Paint thinners, turpentine, mineral spirits and solvents can be reused. These products, like solvent-based or alkyd paints, should not be emptied into storm sewers, household drains (especially if you have a septic tank) or on the ground. You can reuse these types of products.

Reuse Steps

  1. Put used turpentine or brush cleaners in a closed container and leave it in a safe place until the paint particles settle to the bottom.
  2. Pour off the clear liquid into an empty, clean container which has a lid for reuse.
  3. Add an absorbent material such as a cat box filler, shredded newspaper or sawdust to the remaining residue
  4. Let this residue dry completely before disposing of it in your regular trash.
  5. In areas where recycling programs exist, save the dry, empty containers with the lids off for a steel can recycling program. Small amounts of dried residue will not hinder steel can recycling.


Recycling Paint And Aerosol Containers

Since all paint and aerosol containers are composed of high-grade steel, they can be recycled in a steel can recycling program. Paint containers made of Polyethylene Terephthalate (PET resin SPI code 1) and High Density Polyethylene (HDPE resin SPI code 2) plastic are also recyclable in many communities. Check with your local/state government to determine whether steel and other materials may be recycled in your community.

Recycling Steps

  1. To recycle paint containers, make sure they are empty and dry. A thin layer of dried paint on the bottom and sides of the can is usually acceptable.
  2. In order to recycle paint can lids, just remove them from the container.
    To recycle empty aerosols, do not puncture, crush or incinerate the can. You do not have to remove the nozzle of the spray cans for recycling, but do remove the aerosol caps, which are generally made of plastic.


Post-Consumer Paint Education

ACA's Protocol for Management of Post-Consumer Paint covers education, waste management programs, cost considerations and additional information about post-consumer paint, including approaches. ACA's Guidance Manual for Paint Reuse Programs provides details on how to establish or maximize a reuse program, and includes case studies and sample documents from successful reuse programs across the United States. ACA's best management program has been developed into a print brochure, made available below. The brochure, which advocates a “5-point program” for paint management, follows the 3r’s — Reduce, Reuse, Recycle — and focuses on five key steps: buying the correct amount of paint, storing it properly, using it up, supporting reuse and recycle programs, and proper disposal of leftover paint.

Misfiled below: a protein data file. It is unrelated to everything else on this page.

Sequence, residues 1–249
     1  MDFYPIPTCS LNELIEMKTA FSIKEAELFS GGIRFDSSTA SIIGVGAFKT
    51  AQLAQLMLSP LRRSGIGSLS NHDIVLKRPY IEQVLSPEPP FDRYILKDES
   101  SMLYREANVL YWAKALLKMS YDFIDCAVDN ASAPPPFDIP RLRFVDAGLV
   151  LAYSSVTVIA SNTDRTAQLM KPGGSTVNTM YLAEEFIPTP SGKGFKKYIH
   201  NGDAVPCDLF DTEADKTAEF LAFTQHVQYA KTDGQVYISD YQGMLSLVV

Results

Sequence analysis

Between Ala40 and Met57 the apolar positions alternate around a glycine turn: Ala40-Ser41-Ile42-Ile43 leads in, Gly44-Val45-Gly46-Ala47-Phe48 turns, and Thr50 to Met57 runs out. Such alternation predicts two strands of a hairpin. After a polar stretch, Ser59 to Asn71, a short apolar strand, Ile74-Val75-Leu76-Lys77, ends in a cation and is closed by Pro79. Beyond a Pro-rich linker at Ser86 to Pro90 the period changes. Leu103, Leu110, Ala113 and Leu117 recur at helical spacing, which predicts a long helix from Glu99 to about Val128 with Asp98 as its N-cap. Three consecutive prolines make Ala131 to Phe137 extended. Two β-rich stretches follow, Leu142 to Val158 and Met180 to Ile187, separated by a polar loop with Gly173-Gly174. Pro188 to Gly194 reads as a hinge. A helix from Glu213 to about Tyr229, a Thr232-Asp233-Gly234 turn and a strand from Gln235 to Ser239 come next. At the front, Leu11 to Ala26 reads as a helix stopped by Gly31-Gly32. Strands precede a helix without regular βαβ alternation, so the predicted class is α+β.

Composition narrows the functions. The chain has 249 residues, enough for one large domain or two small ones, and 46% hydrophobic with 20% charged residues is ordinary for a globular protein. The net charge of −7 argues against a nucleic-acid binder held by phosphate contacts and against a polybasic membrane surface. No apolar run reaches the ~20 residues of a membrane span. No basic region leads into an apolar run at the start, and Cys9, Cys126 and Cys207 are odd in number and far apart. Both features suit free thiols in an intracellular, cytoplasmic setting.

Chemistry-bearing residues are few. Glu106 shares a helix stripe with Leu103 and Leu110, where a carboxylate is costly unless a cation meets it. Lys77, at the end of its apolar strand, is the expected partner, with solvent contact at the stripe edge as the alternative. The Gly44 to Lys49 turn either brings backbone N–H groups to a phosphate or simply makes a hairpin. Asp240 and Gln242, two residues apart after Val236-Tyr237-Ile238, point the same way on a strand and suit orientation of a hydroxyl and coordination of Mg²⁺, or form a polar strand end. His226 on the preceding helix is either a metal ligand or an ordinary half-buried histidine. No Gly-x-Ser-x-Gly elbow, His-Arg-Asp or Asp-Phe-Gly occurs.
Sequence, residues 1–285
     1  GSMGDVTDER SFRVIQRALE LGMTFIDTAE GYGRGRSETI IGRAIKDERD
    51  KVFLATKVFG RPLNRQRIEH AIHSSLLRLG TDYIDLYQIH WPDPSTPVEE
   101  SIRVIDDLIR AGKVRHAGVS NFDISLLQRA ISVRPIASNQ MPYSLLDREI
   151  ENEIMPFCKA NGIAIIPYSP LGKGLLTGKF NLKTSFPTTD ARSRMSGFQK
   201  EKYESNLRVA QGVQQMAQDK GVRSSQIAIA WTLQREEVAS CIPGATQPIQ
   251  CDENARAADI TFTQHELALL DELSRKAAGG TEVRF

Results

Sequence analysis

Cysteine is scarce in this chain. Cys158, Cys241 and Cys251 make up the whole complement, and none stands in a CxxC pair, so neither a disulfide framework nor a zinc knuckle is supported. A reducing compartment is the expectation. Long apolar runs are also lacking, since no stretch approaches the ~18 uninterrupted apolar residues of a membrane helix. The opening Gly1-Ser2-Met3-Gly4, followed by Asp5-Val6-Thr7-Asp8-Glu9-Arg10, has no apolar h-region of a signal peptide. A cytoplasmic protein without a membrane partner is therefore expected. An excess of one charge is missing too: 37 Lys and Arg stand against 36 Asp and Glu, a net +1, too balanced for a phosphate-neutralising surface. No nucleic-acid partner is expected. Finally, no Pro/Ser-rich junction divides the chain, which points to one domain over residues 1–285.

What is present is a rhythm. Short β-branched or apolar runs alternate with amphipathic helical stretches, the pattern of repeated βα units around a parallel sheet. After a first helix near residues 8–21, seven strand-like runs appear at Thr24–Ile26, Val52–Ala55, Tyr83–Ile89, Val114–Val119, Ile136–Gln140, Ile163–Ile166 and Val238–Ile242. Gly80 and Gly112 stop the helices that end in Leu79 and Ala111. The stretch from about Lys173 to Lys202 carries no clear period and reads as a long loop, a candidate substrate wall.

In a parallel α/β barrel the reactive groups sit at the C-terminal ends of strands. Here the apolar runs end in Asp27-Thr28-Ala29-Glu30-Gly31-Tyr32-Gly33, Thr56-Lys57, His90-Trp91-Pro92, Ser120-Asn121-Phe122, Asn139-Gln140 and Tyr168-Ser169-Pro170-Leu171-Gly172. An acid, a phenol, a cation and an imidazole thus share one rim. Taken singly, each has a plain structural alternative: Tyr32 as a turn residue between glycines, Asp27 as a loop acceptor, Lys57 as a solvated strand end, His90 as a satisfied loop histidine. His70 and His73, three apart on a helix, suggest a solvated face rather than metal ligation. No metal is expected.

Download the full color brochures:

  • Protocol for Management of Post-Consumer Paint (1.49 MB)
    A guidance manual designed for anyone involved or interested in household waste management. The protocol discusses education issues, the main types of waste management programs, cost considerations, recycling steel cans and aerosols.
  • Guidance Manual for Paint Reuse Programs (1.15 MB)
    The development of effective, economical programs for the proper management of post-consumer paint is in the best interests of government, industry and the public. One type of program that has been successful for states, municipalities, non-profits and other organizations is a reuse program. This publication provides details on how to establish an effective reuse program. Developed in concert with state and local program officials participating in the Paint Product Stewardship Initiative dialogue, the manual reinforces the benefits of reuse programs including, how the donation of surplus materials, such as paint, provides companies and individuals with a no-cost method to support non-profit agencies and their communities; and how reuse programs serve to educate the public about the proper use and disposal of hazardous household materials generally.
  • The Five-Point Program for Leftover Paint (496.93 kB)
    This brochure provides a step-by-step method for consumers to safely dispose leftover latex and alkyd paint, as well as paint thinners, mineral spirits, and solvents. It also lists several sources for further information.